# Signal Bandwidth

Discussion in 'Homework Help' started by Peytonator, Nov 11, 2010.

1. ### Peytonator Thread Starter Active Member

Jun 30, 2008
105
3
Hi there,

Say I have a Signal

X(s) = 1 / [ (s/4) + 1 ] (s = jω)

then the bandwidth is obviously √4 = 2.

And if I have

X(s) = 1 / [ (s^2/4) + s + 1 ]

It's also √4 = 2.

But what if I have

X(s) = 1 / [ (s^3/4) + s^2 + s + 1 ]

Is it still √4 = 2?

2. ### Georacer Moderator

Nov 25, 2009
5,151
1,266
I can't nail the theoretical background right now, but I don't think the two last TFs have a knee frequency of 2rads/sec.

Check this useful application to see what I mean: http://www.williamsonic.com/BodePlot/

The BW is at the frequency where amplitude drops at -3dB.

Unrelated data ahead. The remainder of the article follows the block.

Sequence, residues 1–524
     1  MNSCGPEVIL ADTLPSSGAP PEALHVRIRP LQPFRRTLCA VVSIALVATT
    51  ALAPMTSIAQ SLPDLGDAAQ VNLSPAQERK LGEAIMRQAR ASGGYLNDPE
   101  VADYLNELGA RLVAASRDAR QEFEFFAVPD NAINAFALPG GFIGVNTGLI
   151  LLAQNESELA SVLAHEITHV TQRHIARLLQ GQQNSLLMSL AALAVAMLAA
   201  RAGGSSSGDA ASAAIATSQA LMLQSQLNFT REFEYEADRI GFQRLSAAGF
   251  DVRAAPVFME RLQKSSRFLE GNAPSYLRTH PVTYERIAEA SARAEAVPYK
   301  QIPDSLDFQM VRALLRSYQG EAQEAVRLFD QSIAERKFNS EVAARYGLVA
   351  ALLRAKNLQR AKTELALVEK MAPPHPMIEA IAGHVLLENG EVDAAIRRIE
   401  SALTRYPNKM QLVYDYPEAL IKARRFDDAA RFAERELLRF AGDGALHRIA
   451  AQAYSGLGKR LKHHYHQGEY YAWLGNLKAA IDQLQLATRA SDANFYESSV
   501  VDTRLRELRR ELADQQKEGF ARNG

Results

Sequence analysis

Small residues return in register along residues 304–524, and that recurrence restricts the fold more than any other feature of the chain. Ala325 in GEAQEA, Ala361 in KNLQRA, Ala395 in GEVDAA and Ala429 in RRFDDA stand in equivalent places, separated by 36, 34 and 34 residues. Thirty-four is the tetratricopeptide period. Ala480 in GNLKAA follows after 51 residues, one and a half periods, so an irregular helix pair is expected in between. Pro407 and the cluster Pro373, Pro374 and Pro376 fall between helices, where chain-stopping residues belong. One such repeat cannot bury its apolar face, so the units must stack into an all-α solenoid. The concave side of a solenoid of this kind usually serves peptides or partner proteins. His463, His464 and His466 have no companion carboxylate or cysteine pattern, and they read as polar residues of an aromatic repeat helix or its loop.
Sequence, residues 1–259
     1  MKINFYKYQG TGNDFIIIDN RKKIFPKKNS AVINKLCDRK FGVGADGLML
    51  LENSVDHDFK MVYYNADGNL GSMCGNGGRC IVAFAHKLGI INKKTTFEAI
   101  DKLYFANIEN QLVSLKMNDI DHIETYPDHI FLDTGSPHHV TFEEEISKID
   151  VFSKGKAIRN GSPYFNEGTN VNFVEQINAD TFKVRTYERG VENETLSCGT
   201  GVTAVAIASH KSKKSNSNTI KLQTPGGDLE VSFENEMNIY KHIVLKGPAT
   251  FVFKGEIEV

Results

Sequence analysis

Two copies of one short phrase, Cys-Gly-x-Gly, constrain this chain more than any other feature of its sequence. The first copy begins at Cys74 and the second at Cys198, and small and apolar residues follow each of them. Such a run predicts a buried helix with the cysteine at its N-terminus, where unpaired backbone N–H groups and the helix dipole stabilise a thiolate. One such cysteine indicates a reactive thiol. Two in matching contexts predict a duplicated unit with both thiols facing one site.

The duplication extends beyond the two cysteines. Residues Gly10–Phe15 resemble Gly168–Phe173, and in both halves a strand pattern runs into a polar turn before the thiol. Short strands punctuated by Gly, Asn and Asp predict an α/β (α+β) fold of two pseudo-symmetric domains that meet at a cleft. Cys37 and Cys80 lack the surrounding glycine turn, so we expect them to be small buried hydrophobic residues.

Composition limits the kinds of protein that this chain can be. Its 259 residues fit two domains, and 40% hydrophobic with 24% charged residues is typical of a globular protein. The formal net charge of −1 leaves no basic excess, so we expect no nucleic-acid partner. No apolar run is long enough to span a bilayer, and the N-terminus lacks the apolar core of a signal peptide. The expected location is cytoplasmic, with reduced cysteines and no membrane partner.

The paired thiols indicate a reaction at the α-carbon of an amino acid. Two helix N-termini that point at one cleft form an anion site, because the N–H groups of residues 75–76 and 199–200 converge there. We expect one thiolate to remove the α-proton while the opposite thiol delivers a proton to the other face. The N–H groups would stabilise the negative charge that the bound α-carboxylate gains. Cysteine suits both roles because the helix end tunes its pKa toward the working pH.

3. ### t_n_k AAC Fanatic!

Mar 6, 2009
5,448
783
The cubic can be resolved into

s^3+4s^2+4s+4=(s+3.1304)(s^2+0.8696s+1.2778)

So there are poles at -3.1304, -0.4348+j1.0434 & -0.4348-j1.0434

One would expect the -3dB point to be less than √(1.2778) rad/sec - the 2nd order part ωo value.

The underdamped second order component will also probably produce a peak in the spectrum.

As Georacer points out the -3dB points for each case will differ. His suggestion of using Bode plot is a good one.